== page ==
"This new law will protect the health of our children. Breathing secondhand smoke causes several health issues in children, like sudden infant death syndrome, asthma, and ear infections, as well as wheezing, coughing, and getting sick more often," said Kathy Drea of the ALA. "It is essential to avoid smoking near children, especially in a small enclosed spaces like cars."

Comment: See also: The epidemic of junk science in tobacco smoking research


Eye 1

Nanny state: Gov pledges to end smoking in England by 2030

smoking
© Alamy
The government is pledging to end smoking in England by 2030 as part of a range of measures to tackle the causes of preventable ill health.

Promoting physical activity, developing guidelines on sleep and targeting those at risk of diabetes are also set out as priorities in the green paper.

The policy document aims to reduce the number of years spent in poor health.

Currently men and women spend over a fifth of their lives in ill health - 19 years for women and 16 for men.

Those in deprived areas experience the longest periods of poor health.

Comment: More from the BBC:
Who are the smokers that haven't quit?

In 1974, almost half of all adults in the UK smoked. For many, spending time in smoke-filled homes, pubs and workplaces was simply a part of daily life.

Today, that figure has fallen to 15%. The government has pledged to end smoking in England altogether by 2030.


Smoking rates have dropped whereas stress, obesity and cancer related deaths are soaring.


But some people remain much more likely to smoke than others.

People living on a low income are disproportionately likely to smoke, for example. One in three social housing residents and one in four manual workers smokes, compared with one in 10 of those in professional or managerial jobs.
smokers  uk
Smoking rates also differ considerably around the country. Only 8.6% of those in East Devon smoke, for example, compared with 21.8% in Dundee.

This regional divide is startlingly illustrated by the proportion of women who smoke while pregnant.

In England, one in 10 pregnant women smoke. But within this there are huge variations - ranging from one in 50 in some wealthy parts of London to one in four in Blackpool, one of the most deprived areas.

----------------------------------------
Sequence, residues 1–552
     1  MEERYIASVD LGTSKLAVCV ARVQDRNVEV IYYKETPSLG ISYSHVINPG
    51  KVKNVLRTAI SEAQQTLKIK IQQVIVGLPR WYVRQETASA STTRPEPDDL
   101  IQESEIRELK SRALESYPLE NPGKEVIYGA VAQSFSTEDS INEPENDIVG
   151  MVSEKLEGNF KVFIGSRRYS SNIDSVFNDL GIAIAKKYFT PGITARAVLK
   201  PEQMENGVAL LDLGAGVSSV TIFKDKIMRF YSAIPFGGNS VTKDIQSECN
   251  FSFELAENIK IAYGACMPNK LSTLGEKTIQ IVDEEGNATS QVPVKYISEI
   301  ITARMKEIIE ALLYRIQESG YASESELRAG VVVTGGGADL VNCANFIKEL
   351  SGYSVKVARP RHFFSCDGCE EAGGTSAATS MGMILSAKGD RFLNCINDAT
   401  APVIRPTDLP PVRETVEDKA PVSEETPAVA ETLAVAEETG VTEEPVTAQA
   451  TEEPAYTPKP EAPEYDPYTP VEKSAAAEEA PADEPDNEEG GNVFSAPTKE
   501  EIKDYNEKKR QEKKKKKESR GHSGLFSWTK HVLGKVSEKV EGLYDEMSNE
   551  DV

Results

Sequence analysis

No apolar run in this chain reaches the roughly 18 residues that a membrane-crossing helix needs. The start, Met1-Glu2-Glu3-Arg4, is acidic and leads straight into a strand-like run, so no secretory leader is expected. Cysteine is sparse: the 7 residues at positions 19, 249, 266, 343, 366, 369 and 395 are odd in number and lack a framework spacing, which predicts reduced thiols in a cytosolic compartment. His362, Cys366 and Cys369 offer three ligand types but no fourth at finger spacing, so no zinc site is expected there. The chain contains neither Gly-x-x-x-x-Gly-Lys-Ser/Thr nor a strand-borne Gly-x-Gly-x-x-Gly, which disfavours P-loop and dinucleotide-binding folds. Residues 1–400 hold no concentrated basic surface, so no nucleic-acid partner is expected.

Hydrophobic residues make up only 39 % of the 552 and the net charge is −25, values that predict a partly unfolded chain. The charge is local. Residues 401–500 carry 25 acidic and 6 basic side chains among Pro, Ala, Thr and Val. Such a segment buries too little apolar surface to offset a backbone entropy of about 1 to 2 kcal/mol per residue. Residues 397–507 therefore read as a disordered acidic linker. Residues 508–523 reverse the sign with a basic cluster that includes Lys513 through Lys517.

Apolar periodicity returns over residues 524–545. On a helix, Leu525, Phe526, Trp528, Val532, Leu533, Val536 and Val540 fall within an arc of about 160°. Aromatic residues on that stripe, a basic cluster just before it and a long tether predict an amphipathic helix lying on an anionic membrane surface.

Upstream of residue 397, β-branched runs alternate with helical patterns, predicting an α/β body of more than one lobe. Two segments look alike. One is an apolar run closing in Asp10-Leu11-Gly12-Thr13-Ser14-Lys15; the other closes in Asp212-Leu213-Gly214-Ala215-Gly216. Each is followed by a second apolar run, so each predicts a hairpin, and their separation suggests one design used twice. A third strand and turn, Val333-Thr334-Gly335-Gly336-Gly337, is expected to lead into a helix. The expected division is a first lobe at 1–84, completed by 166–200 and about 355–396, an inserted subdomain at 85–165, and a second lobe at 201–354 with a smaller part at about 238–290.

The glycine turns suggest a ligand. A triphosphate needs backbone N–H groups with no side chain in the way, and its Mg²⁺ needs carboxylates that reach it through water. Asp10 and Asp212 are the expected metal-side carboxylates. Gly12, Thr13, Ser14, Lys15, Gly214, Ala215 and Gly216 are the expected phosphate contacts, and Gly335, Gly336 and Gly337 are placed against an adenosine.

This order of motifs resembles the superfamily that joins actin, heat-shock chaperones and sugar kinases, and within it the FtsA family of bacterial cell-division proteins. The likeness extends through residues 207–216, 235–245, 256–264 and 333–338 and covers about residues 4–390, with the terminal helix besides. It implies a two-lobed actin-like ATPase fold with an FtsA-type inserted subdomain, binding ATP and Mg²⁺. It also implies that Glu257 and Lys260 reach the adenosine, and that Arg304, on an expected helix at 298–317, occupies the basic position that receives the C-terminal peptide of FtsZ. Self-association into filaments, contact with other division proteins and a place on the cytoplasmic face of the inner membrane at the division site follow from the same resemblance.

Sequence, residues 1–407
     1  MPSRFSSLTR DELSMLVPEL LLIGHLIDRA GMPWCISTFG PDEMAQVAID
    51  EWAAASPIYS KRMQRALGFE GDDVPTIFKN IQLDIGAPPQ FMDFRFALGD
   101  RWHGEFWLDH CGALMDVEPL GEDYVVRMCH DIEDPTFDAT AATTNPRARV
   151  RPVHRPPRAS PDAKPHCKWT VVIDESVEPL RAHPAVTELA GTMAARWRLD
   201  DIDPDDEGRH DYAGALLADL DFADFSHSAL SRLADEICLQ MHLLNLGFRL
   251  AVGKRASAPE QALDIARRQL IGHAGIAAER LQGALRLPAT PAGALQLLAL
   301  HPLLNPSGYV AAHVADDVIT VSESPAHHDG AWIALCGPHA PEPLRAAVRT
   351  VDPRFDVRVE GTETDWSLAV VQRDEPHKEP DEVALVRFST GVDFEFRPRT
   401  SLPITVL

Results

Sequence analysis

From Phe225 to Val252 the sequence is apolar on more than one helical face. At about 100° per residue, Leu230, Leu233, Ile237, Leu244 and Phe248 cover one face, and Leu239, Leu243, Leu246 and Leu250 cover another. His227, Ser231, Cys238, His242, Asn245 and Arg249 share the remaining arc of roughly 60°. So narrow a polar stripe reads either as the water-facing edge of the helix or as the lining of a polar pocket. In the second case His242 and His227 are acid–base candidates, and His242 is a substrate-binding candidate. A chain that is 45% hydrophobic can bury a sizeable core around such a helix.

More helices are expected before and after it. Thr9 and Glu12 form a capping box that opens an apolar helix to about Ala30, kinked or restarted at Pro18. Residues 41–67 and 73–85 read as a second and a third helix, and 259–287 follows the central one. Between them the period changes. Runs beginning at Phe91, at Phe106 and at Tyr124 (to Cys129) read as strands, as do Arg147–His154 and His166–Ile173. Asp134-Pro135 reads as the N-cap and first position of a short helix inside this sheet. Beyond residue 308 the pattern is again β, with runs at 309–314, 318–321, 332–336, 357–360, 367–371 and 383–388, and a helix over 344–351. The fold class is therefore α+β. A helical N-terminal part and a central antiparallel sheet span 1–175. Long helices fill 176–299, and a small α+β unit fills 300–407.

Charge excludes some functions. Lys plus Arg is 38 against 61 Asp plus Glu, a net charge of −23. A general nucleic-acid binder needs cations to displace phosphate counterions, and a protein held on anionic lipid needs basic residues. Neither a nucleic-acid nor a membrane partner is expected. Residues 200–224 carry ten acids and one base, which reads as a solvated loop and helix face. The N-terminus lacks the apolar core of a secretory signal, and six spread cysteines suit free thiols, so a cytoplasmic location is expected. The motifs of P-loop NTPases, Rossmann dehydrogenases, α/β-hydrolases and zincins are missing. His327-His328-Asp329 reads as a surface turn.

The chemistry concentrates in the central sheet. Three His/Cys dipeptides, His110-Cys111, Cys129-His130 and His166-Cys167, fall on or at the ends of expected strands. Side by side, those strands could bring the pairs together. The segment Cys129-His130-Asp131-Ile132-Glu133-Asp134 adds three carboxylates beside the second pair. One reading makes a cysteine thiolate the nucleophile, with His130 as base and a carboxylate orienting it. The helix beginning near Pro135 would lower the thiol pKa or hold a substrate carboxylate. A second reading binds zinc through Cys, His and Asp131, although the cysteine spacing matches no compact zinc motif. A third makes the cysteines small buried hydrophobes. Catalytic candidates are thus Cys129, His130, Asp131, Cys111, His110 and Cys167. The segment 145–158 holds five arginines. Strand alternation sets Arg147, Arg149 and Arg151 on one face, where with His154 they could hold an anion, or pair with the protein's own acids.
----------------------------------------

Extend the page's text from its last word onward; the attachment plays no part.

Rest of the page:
People with mental health problems are similarly affected. This group is 50% more likely to smoke than the rest of the population, a gap that has been widening.


There is evidence that smoking can be beneficial to those who suffer from particular mental illnesses, and it's likely they're self-medicating.


Because smoking is so uniquely harmful, this translates into major differences in illness and early death.

One US study suggested smoking accounted for two-thirds of the life expectancy shortfall among people with mental health problems, 10 years of lost life. These findings are likely to apply to other countries too.

Another study indicated the poorest men in England and Wales were twice as likely to die between the ages of 35 and 69 as the richest - and their death was almost five times more likely to be caused by smoking.


Although fewer people are smoking than ever before, life expectancy has fallen, notably this has occurred alongside soaring levels of poverty, leading one to conclude that poverty, not smoking, is the leading cause of death: Life expectancy for poorest girls in England falls for first time since 1920s


Why are these groups more at risk?

In recent years, the UK has introduced policies that appear to have helped many smokers quit and deterred others from starting.

The smoking ban was introduced in 2007, alongside a raising of the minimum purchasing age to 18.

Taxes on a £10 pack of 20 cigarettes have increased to over 80% of the retail price, while the packaging and display of tobacco products have become increasingly restricted and advertising banned.

Wales is targeting a 16% smoking rate by 2020, while the Scottish government aims to create a "tobacco-free" generation by 2034 and Northern Ireland is also aiming to eradicate smoking altogether, in addition to England's pledge to end smoking by 2030.

Stop-smoking services providing support and medication have also been offered nationwide, contributing to the fall in overall smoking rates.

Yet they have been less effective for poorer and mentally ill smokers, even if they are as likely to try to quit as other groups.

The reasons for this are varied and complex.

These groups can have higher levels of dependence, making it harder to give up. They are also more likely to be around other smokers, normalising the behaviour and making it harder to quit successfully.

They may also have to deal with stress factors such as income instability, poor housing and living in run‐down neighbourhoods.


Stress and the factors mentioned above are significant causes of ill health.


At the same time, stop-smoking services, which appear to have helped reduce inequalities, have disappeared in many areas, with an estimated 30% funding cut in England between 2014-15 and 2017-18 .